Few pundits are giving the Democrats any chance of holding the House of Representatives or clinging to the narrowest of leads in the Senate as a result of the 2022 midterms. There are significant reasons for the long odds.
One, history is not on the Democrats’ side. The party that controls the White House almost always loses seats in the midterms regardless of how the president is polling. It makes no sense, but that’s just the way it happens. Secondly, with most states controlled by Republican legislatures, gerrymandering congressional districts will give the GOP a significant boost. They know this, and they act like they are playing with house money.
Furthermore, with COVID-19 still attacking our bodies and the economy in whiplash mode depending on how the pandemic plays out between now and next November, the uncertainty will clearly be blamed on Democrats and the Biden administration. Again, it makes no sense but that’s how it goes.
And with McConnell-led Republican obstructionism in full swing and two Democratic senators who are loath to change the filibuster rules, Biden’s agenda will have hit a brick wall, so the GOP will point out the failures of this administration to accomplish anything.
Then there is the decrease in turnout by voters of the party who controls the White House.
Despite these daunting headwinds, the Democrats still have a chance of not only holding the House but gaining seats in the Senate. There is one thing that’s going to help them in this unlikely quest that no amount of fundraising or good fortune from the economy could ever do: their Republican opponents.
The Republican Party is tethered to Donald Trump and Trumpism and the Big Lie about the November 2020 election that led to a violent and deadly insurrection on January 6 in an attempt to overturn the election results.
To be sure, gerrymandering could be a potent obstacle to success, but the Republican Party has not added new voters to their flock. In fact, many have taken flight from the GOP principally because of the Big Lie that continues to be perpetrated by Trump and his acolytes and the horrors of January 6. Control of the House will be determined by suburban voters in swing districts, and they are not too thrilled with the Republican Party writ large. Voter suppression laws passed by Republicans are not helping their image either.
The more Trump dangles his interest in running again for president in 2024, the more it will help Democrats across the board. Not only is a majority of people around the country disgusted by Trump’s clear incitement of the riots at the Capitol and his failure to do anything to quell the violence as he joyfully watched the events unfold on TV, they are sickened by a Republican Party whereby a vast majority of Congressmen opposed the certification of a free and fair election.
Moreover, McConnell and the Republicans in the Senate blocked a bipartisan commission to look into the run-up of January 6, what transpired, who may have coordinated the attacks and how such an episode could be prevented in the future. They obviously don’t want the truth to come out because all roads will likely lead to Trump, at least that’s what they fear. Trump is still the top dog of the GOP until such time he is indicted as a result of the multiple investigations still underway.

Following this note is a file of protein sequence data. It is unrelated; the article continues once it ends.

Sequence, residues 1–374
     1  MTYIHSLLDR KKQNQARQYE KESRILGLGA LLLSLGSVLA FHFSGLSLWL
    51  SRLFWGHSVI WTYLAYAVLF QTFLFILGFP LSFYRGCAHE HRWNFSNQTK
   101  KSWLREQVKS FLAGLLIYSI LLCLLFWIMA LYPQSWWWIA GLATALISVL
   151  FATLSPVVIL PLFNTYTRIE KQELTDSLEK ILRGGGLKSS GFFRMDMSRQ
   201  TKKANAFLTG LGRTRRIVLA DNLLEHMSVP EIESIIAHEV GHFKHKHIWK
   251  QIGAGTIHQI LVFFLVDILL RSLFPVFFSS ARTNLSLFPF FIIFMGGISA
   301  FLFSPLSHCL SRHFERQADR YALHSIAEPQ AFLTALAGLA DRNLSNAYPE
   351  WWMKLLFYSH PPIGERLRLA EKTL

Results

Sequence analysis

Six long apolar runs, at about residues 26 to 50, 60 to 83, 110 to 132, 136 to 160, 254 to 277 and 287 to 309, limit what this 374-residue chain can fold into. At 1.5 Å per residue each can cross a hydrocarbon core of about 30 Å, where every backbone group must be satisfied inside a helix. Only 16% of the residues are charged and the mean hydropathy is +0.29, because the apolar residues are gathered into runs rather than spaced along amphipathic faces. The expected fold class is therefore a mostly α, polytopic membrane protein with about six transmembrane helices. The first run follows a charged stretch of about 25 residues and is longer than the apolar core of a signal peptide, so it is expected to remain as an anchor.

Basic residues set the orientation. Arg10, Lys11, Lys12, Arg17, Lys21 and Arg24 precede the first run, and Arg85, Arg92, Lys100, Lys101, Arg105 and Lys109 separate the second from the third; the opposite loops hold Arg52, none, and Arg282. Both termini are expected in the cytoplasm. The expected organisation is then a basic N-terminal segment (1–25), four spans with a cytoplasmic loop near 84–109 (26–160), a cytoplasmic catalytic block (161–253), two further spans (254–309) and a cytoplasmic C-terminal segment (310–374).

In the meantime, Democrats will benefit from the fact Republican candidates will be primaried by Trump-light crazies who will do anything to receive his endorsement. The MAGA base will turn out for these clowns and send them to the general election.
Keep in mind, at no time did Trump ever break 49 percent approval during his term in office. After January 6, it plummeted to 29 percent. Republicans just don’t get it. Trump is only popular among his shrinking base and nowhere else—not independents, not suburban Republican voters and certainly not Democrats. Thus, placating Trump to head to a general election with Trump-like candidates is a perilous venture.
In Deep South Georgia, two Democratic candidates for Senate prevailed in a runoff mainly because of exceptionally high voter turnout among Democrats and independents largely seen as a rejection of Trumpism and the former president’s antics following his defeat. Key swing districts around the country could follow that model.
Yes, Joe Biden can succeed in getting an infrastructurebill passed. The economy can rebound. COVID can finally get under control. Democrats can and should tout any successes that manage to come their way. But it will take more.
“If Democrats want to prevail in 2022, good government won’t be enough,” Arkansas Times columnist Gene Lyons penned in the Chicago Sun-Times. “They need to turn the midterm elections into a referendum on the Trump cult and GOP sycophancy toward his alarming assault on democracy.”
They also need to make Matt Gaetz, Marjorie Taylor Green, Jim Jordan, Josh Hawley, Ted Cruz, Mitch McConnell, Kevin McCarthy and many others as well as Trump himself the faces of the Republican Party during the campaign.
They should run ads depicting McCarthy’s and Lindsey Graham’s initial outrage over January 6 and then display them reversing course and verbally dropping to their knees at Mar-a-Lago.
And don't EVER let Trump and the Republicans off the hook regarding Jan. 6.
For Democrats approaching the midterms, this is golden, and they can thank the Trump Republican Party for this opportunity. Dems can do this and surprise the experts if they manage to muster the courage and play some hardball. That, too, would be a surprise.